Like the Corvette, the Camaro will feature Active Rev Match in the SS, which uses a Tremec TR6060 six-speed, same as the fifth-generation Camaro. Active Rev Match blips the throttle on downshift for smooth shifting without any need to heel-toe. The 2.0L and 3.6L both use the Tremec TR3160 six-speed manual that doesn’t offer Active Rev Match. For the automatic-equipped 2016 Camaro, 2.0L and 3.6L models get the 8L45 eight-speed transmission that has more aggressive gearing than the 8L90 that comes with the SS. “We’ve had a lot of people jump out of the four- or six-cylinder cars with the eight-speed autos with smiles on their faces. The eight-speed works really well with the torque of those engines.”
The tachometer and speedometer are analog, positioned at either side of the instrument panel, with the area in between reserved for an 8-inch digital display that is customizable. It can be tailored to show a lap timer, lateral acceleration, oil pressure, oil temp, trans temp, audio-track listing, or navigation prompts and looks to be a direct descendent from the C7 Corvette Driver Information Center (DIC) that we all enjoyed. Since both cars we photographed were well-optioned, the main difference we noticed was that 2.0L and 3.6L cars use a 160-mph speedometer, while the SS gets a 200-mph speedometer.
The HVAC controls are arranged below another optional 8-inch touch screen, with four round vent pods in the dash, two near the doors and two in the center console. The aluminum bezel surrounding the middle two vents control the temperature, keeping the interior free of clutter. That’s sort of the theme inside, as dash buttons are minimized and the door panels are streamlined, with handles forward and high near the A-pillars with accent lighting running along the seam between black door trim and upholstery-matched trim.
The available 8-inch touch screen allows users to toggle between audio, navigation, and menu screens for car personalization, including 24 different accent lighting color options. Ambient lighting can also be linked to driving mode, with Snow/Ice, Touring, Sport, and Track modes resulting ice blue, blue, red, and orange lighting, respectively. Accent lights in the door panels are joined by lights in the cupholders, around the touch screen, and in the doorsills. Like the Corvette, it seems that the DIC is more customizable than the touch screen. We weren’t able to find any sort of performance menu, although the cars we photographed weren’t production spec.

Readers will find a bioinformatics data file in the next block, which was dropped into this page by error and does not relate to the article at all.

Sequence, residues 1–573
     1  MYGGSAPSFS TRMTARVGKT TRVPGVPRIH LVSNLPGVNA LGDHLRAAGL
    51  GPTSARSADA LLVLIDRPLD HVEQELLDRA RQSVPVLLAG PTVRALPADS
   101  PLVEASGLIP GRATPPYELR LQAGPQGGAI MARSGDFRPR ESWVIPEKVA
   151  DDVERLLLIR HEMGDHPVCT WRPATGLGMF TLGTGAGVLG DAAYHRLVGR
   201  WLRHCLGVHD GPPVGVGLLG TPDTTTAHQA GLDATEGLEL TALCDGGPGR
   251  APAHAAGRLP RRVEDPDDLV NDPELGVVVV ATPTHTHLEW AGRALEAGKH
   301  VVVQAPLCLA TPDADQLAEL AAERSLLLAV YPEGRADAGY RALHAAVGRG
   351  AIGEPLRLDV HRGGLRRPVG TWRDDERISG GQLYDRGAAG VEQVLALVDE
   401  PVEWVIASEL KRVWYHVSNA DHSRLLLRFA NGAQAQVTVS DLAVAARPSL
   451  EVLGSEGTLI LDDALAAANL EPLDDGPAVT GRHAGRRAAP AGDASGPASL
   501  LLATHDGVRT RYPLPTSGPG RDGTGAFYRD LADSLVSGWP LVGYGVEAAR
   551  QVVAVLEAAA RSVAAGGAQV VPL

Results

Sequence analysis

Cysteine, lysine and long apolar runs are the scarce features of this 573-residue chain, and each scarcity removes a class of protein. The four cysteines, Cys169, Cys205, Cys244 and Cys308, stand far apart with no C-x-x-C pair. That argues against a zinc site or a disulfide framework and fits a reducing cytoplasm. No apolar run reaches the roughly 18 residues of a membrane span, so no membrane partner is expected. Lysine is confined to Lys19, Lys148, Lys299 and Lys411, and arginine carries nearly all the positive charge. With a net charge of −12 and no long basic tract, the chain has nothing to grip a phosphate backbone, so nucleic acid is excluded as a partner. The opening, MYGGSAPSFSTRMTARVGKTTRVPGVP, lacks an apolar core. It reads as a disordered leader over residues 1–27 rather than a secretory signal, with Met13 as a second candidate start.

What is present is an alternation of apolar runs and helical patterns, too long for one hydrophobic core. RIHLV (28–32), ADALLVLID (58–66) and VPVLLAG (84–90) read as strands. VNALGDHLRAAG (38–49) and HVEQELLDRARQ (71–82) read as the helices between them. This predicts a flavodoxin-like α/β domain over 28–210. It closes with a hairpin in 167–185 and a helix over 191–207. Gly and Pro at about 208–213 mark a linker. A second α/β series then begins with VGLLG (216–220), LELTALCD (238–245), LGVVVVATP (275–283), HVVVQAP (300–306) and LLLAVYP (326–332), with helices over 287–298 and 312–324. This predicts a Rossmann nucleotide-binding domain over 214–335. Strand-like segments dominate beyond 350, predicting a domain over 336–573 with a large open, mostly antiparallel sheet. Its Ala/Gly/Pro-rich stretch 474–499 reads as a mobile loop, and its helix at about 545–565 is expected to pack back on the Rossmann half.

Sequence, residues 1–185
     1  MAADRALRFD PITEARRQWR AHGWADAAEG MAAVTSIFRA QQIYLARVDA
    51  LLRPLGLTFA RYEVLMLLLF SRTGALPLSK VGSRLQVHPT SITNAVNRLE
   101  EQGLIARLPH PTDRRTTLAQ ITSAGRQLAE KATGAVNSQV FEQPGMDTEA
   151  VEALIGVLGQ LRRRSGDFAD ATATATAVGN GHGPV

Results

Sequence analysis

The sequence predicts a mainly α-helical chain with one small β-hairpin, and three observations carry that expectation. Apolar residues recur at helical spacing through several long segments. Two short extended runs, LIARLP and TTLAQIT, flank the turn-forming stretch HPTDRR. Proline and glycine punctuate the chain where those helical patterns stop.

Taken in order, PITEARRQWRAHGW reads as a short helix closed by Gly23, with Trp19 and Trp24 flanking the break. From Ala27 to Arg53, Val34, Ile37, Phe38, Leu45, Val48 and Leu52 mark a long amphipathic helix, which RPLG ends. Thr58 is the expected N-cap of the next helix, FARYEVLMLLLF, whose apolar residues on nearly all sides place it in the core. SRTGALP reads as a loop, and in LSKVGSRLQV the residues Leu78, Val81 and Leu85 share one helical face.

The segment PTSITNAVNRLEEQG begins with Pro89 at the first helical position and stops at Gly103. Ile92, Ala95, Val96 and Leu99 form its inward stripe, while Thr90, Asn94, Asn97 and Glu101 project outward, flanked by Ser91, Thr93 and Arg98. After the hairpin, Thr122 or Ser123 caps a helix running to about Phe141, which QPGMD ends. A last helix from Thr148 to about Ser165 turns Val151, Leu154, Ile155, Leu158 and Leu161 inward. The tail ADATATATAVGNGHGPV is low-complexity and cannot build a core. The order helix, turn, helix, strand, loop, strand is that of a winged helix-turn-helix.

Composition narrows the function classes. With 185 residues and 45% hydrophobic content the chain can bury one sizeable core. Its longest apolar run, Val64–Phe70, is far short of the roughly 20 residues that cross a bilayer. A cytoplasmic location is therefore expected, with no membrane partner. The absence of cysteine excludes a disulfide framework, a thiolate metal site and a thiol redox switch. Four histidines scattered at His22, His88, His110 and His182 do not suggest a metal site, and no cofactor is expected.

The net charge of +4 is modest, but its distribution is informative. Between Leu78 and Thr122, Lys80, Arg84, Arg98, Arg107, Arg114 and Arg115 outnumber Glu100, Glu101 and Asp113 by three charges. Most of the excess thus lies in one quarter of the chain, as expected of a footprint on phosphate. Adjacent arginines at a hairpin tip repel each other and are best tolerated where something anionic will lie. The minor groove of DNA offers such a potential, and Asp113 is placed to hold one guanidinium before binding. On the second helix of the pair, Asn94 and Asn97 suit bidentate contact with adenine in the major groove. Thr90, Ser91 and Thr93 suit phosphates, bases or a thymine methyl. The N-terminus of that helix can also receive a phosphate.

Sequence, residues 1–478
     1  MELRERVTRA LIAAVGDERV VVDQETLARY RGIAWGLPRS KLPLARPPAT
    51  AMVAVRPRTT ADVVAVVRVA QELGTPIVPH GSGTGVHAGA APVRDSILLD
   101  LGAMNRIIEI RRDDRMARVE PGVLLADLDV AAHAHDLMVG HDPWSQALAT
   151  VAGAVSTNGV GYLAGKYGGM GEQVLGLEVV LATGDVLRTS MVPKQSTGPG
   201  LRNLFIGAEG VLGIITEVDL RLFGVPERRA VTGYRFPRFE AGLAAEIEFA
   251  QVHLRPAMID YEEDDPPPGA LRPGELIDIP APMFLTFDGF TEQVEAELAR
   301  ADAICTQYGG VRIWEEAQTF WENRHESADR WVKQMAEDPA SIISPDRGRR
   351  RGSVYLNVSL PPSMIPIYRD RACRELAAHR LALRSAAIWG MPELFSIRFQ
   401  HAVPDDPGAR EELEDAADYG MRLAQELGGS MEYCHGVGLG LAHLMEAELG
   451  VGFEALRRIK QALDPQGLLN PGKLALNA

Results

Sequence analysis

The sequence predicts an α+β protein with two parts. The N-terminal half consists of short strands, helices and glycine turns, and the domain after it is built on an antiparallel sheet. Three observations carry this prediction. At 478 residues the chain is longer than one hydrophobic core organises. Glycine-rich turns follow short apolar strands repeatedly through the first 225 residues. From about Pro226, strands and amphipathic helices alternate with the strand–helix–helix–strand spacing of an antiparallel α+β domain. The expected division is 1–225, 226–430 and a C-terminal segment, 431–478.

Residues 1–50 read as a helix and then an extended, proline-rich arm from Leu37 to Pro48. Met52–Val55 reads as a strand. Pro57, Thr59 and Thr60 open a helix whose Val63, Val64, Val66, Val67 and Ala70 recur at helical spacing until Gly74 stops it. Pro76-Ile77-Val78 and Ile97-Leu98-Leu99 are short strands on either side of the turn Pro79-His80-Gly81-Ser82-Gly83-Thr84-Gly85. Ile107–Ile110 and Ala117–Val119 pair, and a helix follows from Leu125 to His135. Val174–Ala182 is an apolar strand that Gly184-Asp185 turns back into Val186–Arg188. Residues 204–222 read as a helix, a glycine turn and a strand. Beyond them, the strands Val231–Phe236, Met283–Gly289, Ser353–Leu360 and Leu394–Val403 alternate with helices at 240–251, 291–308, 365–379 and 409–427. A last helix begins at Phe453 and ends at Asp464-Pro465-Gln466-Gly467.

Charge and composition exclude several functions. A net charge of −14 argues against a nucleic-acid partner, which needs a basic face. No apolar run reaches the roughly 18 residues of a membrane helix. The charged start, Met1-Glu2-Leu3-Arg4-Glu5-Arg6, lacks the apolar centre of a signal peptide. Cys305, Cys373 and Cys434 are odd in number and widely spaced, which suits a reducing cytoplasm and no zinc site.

We had no problem fitting our tallest editor—at 6 feet, 3 inches—in the front seat of the new Camaro. It’s only in the back seat where you’ll notice the reduced wheelbase. As with the current S550 Mustang, the rear seat won’t be comfortable if tall front-seat occupants need to have the seat adjusted far aft. Tall drivers and front-seat passengers will appreciate the upholstered center-console pads that protects against banged knees.
Final numbers on weight, SAE certification on engines, and pricing have yet to be determined, and we haven’t had the opportunity to test Chevrolet’s claims that the 2016 Camaro SS will leave the 2015 SS 1LE in its wake. Link told us the suspension tuning is still ongoing, although he did offer that when it comes to Milford Proving Grounds lap times, “We are beating [the fifth-generation 1LE] with the same driver on the same day.” It looks like there are plenty of salvos left from Chevrolet in the ponycar war, and we can hardly wait to get seat time in a 2016 Camaro SS, in particualar.
|Tremec TR3160 6-speed manual (2.0T and 3.6L)||Tremec TR6060 6-speed manual with Active Rev Match (6.2L)||Hydra-Matic 8L45 8-speed automatic (2.0L and 3.6L)||Hydra-Matic 8L90 8-speed automatic (6.2L)|
|Gear ratios (:1)|
|Final Drive Ratio||3.27||3.73||3.27 (2.0L) 2.77 (3.6L)||2.77|
|2016 Camaro||2015 Camaro|
|Front track (in/mm):||63.1/1,602||63.6/1,616|
|Rear track (in/mm):||64.2/1,631||63.9/1,622|